Ed Metz, Jr.

Tough Assignment: Tribute To Dave Tough

  • AllMusic Rating
    6
  • User Ratings (0)
  • Your Rating

AllMusic Review by

The drumming son of pianist Ed Metz, Ed Metz, Jr. plays music that was interpreted by early swing and big-band drummer Dave Tough, a stalwart with the bands of Red Nichols, Claude Thornhill, the Dorseys, Artie Shaw, and Woody Herman. While Metz, 41, is no doubt an engaging, literate, standout drummer, he's picked a backup band truly capable of fueling his swinging fire: Trumpeter Randy Sandke, trombonist John Allred, tenor saxophonist Harry Allen, clarinetist Allan Vaché, pianist Johnny Varro, and bassist Phil Flanigan take this music to heart and swing their collective butt off.

This CD is neatly programmed into four sections. The first four pieces are culled from Tough's associations with bands in the '20s. "Smiles" is a good, hard swinger saturated with counterpoint (as are many of these tunes). The joy of this call-and-response approach is infectious, as is evident on the head of "It All Belongs to Me." Vaché, Allred, Sandke, and Allen each leads his own melody line for "Moanin' Low," while Sandke and Varro stand out as Metz trades fours on a rousing "Waiting at the End of the Road." The next five pieces are from the Dorsey era. The delicate swing of "Beale Street Blues" gets deeper into royal hues as it goes along; "It's Been So Long" is a real fine swinger, with the horns inspiring a rippling drum solo; "Sophisticated Swing" is a feature for young Allen in an Ellington-type motif; "At the Codfish Ball" has more interplay on the head, and solos by all the participants; the ballad blues "Why Begin Again?" (which is probably closest to the Tommy Dorsey style), showcases Allred's trombone. In the third section of the program, Benny Goodman is feted by the always right-on Vaché on the easy swinger "I Hadn't Anyone 'Til You." Allen and Varro are in an upbeat mood for the classic "Lover, Come Back to Me," and Vaché's Artie Shaw inflections fire up the ripsnorting Metz on "Hindustan." The sole unison melody of the date, "Not Too Tough" comes from the Herman book and is a simple, enjoyable number charted by Allred. "Tough Sledding," written by Metz Jr. and his father, is an original blues swing with plenty of holes for drum fills. Though led by a drummer, this session is not obviously a drummer's date, which is a tribute to the importance that Tough placed on being a team player. Metz Jr. and crew have done Dave Tough proud with this fine date.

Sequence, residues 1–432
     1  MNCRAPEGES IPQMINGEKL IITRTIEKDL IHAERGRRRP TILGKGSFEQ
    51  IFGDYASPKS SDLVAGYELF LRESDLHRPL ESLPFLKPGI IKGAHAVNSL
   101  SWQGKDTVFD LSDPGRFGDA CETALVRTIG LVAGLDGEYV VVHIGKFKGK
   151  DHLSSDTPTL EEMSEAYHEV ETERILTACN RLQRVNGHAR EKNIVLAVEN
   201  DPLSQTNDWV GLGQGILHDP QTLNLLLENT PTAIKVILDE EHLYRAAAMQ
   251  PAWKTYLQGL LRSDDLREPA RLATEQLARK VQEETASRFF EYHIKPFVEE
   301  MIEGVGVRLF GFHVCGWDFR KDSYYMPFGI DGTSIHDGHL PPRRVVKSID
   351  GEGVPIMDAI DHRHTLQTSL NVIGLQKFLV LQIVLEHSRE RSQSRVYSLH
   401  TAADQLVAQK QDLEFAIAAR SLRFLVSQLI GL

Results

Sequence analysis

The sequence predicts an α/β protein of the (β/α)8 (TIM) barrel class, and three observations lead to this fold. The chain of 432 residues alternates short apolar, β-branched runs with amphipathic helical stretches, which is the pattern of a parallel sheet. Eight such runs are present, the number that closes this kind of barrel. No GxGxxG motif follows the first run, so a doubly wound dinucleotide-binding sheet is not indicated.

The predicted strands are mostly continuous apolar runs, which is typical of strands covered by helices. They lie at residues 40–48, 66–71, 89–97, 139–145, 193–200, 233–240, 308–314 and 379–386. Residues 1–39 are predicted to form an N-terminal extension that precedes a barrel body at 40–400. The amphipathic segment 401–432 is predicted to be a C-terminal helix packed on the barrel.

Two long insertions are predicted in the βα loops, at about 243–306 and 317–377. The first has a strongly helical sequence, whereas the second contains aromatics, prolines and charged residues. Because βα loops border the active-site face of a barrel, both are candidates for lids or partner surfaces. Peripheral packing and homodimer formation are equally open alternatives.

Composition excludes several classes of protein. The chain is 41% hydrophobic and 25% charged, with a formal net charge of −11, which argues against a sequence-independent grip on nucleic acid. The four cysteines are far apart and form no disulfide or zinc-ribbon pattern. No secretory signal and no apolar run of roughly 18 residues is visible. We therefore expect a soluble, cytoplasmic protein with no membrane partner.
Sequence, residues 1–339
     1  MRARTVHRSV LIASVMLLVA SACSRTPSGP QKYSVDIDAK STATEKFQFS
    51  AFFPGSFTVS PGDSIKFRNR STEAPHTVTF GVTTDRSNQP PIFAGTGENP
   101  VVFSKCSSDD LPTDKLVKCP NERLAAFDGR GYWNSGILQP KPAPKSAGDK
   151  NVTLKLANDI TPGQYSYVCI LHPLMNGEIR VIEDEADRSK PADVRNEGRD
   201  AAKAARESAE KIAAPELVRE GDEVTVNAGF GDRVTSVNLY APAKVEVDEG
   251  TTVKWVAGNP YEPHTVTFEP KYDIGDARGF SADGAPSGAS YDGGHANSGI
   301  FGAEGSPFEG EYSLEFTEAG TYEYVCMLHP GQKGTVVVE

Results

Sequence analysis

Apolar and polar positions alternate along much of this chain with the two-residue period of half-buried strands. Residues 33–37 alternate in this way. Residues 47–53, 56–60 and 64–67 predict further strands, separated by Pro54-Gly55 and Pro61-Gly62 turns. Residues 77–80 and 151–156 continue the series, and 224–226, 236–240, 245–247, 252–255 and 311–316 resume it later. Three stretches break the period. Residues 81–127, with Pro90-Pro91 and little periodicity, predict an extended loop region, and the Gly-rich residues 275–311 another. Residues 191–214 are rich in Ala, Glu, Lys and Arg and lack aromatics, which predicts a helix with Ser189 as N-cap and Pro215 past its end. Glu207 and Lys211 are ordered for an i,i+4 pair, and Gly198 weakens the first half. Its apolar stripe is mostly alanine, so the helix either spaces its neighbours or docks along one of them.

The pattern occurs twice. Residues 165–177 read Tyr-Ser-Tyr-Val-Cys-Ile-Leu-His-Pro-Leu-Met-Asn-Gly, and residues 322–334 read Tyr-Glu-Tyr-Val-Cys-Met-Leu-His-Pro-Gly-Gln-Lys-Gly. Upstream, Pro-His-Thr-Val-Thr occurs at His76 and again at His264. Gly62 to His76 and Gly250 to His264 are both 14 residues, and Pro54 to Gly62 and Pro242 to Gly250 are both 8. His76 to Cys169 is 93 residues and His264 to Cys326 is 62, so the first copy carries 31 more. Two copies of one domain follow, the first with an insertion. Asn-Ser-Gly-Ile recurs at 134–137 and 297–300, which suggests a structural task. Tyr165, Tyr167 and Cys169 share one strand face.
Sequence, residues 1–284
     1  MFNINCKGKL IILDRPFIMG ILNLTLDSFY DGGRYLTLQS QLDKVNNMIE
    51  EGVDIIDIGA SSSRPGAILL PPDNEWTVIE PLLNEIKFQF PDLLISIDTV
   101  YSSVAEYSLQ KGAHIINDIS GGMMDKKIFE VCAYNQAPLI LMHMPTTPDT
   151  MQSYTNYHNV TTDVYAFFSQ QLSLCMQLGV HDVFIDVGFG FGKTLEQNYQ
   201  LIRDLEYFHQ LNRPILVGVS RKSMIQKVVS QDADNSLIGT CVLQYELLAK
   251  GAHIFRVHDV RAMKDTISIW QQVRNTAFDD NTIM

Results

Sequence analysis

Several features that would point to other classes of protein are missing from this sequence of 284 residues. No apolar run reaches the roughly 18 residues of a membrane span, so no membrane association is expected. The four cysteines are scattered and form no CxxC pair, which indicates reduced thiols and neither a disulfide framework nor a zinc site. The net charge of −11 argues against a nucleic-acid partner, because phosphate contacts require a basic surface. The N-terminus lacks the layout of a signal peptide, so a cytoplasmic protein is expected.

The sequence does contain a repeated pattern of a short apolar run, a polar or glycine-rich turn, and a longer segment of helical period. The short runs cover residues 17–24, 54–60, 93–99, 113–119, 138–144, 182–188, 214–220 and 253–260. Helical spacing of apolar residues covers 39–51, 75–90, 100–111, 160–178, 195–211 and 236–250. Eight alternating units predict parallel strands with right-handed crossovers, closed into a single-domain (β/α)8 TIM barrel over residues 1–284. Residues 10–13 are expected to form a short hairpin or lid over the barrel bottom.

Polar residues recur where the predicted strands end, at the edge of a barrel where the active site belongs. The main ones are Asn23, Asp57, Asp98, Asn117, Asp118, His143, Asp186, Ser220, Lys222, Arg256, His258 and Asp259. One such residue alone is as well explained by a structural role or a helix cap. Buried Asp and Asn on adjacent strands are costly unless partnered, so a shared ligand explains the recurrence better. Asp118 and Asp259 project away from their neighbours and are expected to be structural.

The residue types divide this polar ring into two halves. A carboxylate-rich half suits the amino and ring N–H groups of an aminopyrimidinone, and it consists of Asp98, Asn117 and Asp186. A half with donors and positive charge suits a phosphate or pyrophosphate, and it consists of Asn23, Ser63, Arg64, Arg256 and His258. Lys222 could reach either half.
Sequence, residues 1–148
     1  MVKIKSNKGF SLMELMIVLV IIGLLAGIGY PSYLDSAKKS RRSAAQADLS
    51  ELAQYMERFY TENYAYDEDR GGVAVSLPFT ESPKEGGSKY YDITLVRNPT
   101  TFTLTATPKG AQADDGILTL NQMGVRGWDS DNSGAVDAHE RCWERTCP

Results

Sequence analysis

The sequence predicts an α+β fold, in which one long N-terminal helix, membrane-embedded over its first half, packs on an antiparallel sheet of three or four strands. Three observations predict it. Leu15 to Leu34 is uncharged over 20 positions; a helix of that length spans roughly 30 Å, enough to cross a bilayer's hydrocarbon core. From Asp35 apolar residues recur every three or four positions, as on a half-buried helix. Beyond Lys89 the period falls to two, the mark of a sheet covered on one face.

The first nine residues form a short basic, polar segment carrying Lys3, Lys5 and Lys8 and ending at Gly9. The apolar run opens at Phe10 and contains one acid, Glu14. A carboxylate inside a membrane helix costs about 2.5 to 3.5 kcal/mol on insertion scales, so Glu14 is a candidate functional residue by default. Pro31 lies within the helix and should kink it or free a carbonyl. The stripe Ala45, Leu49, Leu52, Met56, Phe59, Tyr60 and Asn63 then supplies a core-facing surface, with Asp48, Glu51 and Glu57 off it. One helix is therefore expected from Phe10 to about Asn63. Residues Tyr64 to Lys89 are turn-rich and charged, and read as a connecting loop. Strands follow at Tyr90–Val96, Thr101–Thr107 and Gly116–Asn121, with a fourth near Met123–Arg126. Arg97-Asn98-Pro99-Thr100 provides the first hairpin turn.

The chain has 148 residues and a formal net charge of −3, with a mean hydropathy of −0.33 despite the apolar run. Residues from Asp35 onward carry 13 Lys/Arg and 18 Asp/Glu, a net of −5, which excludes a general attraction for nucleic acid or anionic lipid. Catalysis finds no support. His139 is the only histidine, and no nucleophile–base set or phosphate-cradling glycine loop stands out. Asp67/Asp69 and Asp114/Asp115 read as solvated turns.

blue highlight denotes track pick